This pictures shows the tornado damage to a sub-division in Forney, Texas, and it appears to have been hit by the strongest of the tornadoes that criss-crossed the Dallas-Ft. Worth metro area on Tuesday April 3, 2012.
Today, the day after the tornadoes, several teams of National Weather Service investigators fanned out across this part of Texas to look at the damage. That happened after the Aumsville, Oregon, tornado, too.
Instead of CSI (the CBS hit show about Crime Scene Investigators) I think of these folks as TSI – Tornado Scene Investigators.
In a place like Fornery, they are specifically looking at what kinds of buildings were hit, how those buildings were built and/or re-inforced, and what kind of damage was done. This is how they determine the actual wind speed each tornado had at specific location.
Like evidence left behind at a crime scene, the damage left behind after the Dallas tornadoes tells investigators what happened–and what kind of windspeeds it took to make the damage happen.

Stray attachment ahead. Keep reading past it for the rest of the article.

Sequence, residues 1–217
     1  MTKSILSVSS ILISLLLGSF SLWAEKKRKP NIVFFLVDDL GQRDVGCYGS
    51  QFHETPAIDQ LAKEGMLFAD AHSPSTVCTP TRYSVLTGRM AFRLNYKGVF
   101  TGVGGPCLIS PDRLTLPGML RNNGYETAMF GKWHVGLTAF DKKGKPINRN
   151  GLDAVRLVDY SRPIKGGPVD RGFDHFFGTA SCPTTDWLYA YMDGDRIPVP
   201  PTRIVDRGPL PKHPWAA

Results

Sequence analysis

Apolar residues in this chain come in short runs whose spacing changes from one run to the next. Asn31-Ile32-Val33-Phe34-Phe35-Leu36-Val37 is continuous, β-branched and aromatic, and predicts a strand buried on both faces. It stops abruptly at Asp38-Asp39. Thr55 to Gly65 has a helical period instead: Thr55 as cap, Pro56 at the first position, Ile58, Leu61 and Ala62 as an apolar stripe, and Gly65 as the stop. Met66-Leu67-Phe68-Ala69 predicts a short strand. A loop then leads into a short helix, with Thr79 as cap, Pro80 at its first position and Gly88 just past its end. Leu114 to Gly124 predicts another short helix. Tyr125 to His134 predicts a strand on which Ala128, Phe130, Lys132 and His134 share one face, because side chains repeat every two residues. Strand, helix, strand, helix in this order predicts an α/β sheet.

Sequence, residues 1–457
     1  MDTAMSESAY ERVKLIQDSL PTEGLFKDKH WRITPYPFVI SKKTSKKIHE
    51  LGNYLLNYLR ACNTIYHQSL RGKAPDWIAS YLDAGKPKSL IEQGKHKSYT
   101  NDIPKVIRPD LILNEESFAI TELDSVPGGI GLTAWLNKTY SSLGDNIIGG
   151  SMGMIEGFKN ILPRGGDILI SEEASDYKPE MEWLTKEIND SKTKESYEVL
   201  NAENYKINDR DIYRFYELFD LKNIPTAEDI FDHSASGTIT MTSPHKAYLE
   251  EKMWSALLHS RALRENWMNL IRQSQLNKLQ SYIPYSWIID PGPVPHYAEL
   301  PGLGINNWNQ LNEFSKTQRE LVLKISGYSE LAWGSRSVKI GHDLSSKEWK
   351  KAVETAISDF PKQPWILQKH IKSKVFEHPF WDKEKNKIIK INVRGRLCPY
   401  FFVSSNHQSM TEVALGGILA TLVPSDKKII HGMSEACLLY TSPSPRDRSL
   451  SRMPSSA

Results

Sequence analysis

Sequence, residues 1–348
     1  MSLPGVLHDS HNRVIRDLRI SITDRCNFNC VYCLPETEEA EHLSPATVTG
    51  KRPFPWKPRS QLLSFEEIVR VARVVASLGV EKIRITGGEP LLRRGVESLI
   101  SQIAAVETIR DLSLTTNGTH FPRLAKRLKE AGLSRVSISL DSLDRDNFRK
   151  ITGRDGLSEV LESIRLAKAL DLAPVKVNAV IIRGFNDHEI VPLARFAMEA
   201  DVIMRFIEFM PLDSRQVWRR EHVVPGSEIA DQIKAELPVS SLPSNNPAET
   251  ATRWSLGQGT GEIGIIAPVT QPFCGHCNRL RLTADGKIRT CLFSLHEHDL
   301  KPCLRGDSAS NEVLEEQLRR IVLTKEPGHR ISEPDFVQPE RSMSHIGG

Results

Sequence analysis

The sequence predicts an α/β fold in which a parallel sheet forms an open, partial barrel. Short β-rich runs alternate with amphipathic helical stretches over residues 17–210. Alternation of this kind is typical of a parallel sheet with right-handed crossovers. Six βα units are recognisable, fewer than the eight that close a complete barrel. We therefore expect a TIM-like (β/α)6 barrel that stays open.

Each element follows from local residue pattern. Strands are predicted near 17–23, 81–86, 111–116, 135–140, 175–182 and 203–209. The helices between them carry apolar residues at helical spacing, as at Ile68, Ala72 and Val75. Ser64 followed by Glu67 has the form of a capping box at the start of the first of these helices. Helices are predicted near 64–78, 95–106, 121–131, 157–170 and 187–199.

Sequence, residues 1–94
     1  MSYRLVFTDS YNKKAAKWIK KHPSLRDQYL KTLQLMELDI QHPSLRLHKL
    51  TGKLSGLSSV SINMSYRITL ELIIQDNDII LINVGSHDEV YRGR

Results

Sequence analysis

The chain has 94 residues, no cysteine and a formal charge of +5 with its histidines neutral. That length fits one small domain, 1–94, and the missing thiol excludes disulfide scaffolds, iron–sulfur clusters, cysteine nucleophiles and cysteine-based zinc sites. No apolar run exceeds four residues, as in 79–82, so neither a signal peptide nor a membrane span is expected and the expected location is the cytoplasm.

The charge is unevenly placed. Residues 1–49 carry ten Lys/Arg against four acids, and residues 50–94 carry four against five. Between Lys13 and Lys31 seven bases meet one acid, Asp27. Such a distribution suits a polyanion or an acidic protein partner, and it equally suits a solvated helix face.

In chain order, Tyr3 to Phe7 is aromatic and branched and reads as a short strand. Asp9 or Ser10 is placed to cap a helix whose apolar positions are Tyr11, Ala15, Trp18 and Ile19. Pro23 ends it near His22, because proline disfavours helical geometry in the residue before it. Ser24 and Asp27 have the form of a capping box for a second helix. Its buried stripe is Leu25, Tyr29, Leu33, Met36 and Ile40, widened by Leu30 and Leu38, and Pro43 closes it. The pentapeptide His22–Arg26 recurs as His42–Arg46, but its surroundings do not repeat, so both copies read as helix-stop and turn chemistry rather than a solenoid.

In this case, because the walls of a home were all ripped down, the National Weather Service says this sub-division saw windspeeds up to 150mph, meaning this was an EF-3 tornado that touched down and the most powerful to hit the Dallas area on April 3.
EF stands for ‘Enhanced Fujita’Scale – it’s a relatively recent upgrade to the work pioneered by Japanese American scientist Ted Fujita. He’s the one who figured out we could nail down tornado wind speeds by looking at what the tornado did. Here is the EF-Scale or Enhanced Fujita Scale. Tornado windspeeds and the damage they do.
To read more on these Dallas area tornadoes and see Dallas tornado damage pictures and posts, check out the facebook page for the National Weather Service office in Dallas-Ft. Worth Texas.